Nothing Like The Snow

I don’t know why, but there is nothing like the snow. I am absolutely obsessed. From the way it falls to the way it magically makes the world warmer and happier, I just feel so relaxed when it snows. When I was little, I used to climb into trees in the dead of winter and sit until I could no longer feel anything. I’d watch the blue jays eats red berries and the rabbits periodically run past. Even though it was so cold, hunting in the snow was pure pleasure. I didn’t need to see a deer. Just watching the snow flakes and the birds was enough for me. And nothing compares to the silence of a wooded snowfall. My favorite time for a run? Moonlit nights in the snow. Throw on snow boots and I’m gone for an hour, the world completely lit up by the moon. Nothing makes me happier than the snow.

Shopping with a Conscience.

Do you ever feel guilty buying certain things at the store?  There are three things that really get me:

1. Out-of-season foods.
It’s hard to eat healthy and local at the same time without boring your tastebuds to death.  I just spent the last 5 weeks in Africa where I witnessed this isn’t a problem: people have the freshest, sweetest fruits I’ve ever tasted growing at their fingertips year round.  In Cleveland, however, healthy and local aren’t commonplace during the long winter months.  Unless you want to eat cabbage and broccoli all winter, you can plan on buying imported fruits.  I first came to this realization when one day I thought, I don’t eat enough fruit; I should buy some apples.  But apples don’t naturally grow here in the winter.  Was eating an apple really worth supporting the industry of shipping exotic foods from afar all year round just to satisfy my palate?  No.  How could I get around this?  Better planning.  Next year, I should take advantage of abundant apples and other fruits growing locally and then learn to can them with spices!  Mmmmm.  Or even make pies and freeze them.  Too bad others don’t feel this way.  We only encourage such out-of-season deliveries by buying and creating a demand for more.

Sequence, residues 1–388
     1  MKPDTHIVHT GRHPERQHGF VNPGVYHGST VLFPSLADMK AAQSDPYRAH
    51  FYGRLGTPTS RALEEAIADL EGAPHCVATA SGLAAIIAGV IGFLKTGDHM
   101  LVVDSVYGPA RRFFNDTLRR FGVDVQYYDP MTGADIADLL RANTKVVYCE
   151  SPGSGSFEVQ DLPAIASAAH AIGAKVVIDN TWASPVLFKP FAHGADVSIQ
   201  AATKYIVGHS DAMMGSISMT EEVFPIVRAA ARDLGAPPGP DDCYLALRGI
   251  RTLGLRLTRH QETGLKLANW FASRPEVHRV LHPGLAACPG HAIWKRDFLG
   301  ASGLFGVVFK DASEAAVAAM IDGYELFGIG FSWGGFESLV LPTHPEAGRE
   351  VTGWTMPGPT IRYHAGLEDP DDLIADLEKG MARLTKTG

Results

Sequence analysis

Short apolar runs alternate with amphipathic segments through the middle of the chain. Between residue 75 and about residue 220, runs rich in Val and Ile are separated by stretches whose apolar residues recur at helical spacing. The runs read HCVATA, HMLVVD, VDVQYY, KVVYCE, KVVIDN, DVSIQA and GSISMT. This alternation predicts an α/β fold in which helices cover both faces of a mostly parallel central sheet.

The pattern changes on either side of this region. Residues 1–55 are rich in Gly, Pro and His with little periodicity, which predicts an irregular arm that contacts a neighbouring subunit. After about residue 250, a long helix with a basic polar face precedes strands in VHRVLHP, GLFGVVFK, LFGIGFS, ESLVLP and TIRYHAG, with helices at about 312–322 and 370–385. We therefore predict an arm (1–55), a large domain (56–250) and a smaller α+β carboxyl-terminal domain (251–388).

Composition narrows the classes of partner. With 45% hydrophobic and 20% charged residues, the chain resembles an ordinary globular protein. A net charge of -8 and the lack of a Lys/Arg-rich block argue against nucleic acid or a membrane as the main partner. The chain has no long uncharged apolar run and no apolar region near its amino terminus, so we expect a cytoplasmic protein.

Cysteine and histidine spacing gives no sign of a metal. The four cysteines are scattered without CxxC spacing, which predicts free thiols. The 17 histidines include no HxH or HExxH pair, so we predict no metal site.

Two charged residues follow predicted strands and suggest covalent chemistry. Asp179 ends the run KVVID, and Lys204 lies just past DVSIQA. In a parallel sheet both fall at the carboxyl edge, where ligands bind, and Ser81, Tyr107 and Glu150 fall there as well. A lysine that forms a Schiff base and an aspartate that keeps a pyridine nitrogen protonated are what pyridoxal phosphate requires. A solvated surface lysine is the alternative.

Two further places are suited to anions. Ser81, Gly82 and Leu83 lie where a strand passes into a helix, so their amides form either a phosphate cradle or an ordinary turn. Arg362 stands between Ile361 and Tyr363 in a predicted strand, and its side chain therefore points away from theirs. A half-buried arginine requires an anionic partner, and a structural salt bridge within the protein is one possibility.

2. Chemicals.
After several classes about environmentalism and policies, Silent Spring attaches itself to every thought I have of store-bought chemicals.  Although I personally refuse to buy and use chemical herbicides, insecticides, and most household cleaning products, I am aware that I still buy and use things that are not very environmentally-friendly.  For example, my drains got extremely clogged last year and my mom bought me a bottle of Drain-O which I reluctantly applied.  Or how about something as simple as acetone to take off nail polish?  Or even nail polish itself?  Air fresheners in aeresol cans?  Even buying plastic zip-lock bags falls into this category for me – an evil necessity that, quite frankly, isn’t necessary at all but we convince ourselves that it is.

3. Plastic amenities.
My chemical fears continue in this category.  I don’t just mean plastic bags, but plastic utensils and kitchen items.  I buy glass mason jars and use them for everything as much as I can.  My friends make fun of me for traveling with mason jars instead of snack bags, but I feel like a much better person for using them.  But where plastic really irks me is in the kitchen itself.  I love to cook, and the thought of flipping on an oven instead of lighting a fireplace bothers me enough already.  I do everything within my power to avoid plastic spatulas, plastic cups, plastic bowls, plastic anything!  This theme continues into my housework where I strive to buy metal brooms instead of plastic sweepers.   I work overtime to avoid electricity use.  I even do a lot of my laundry by hand in my bath water after I’ve taken a bath.  My friends think this is crazy, but I argue it’s much simpler than going to the Laundromat.  And I dread the day that I have my own house and contemplate my need for washing units of my own.  What wastes!  But when it comes to appliances, I always put in the extra money for that metal toaster or metal blender with the hopes that it will last longer, will degrade better, and was better for the environment to be produced.  Besides, metal appliances are so much classier!

Maybe it’s just me – and maybe it shouldn’t be just me – but buying certain things in the store send me reeling on a guilt trip.  Are there any things in particular that bother you?  I mean, most of us break down and buy a car at some point, which is bad enough, but what about the little nagging things?  Like imported goods and plastic, plastic, plastic?

Maybe, one day, we won’t have to make environmentally-conscience decisions every time we shop.  Maybe they’ll be the only option!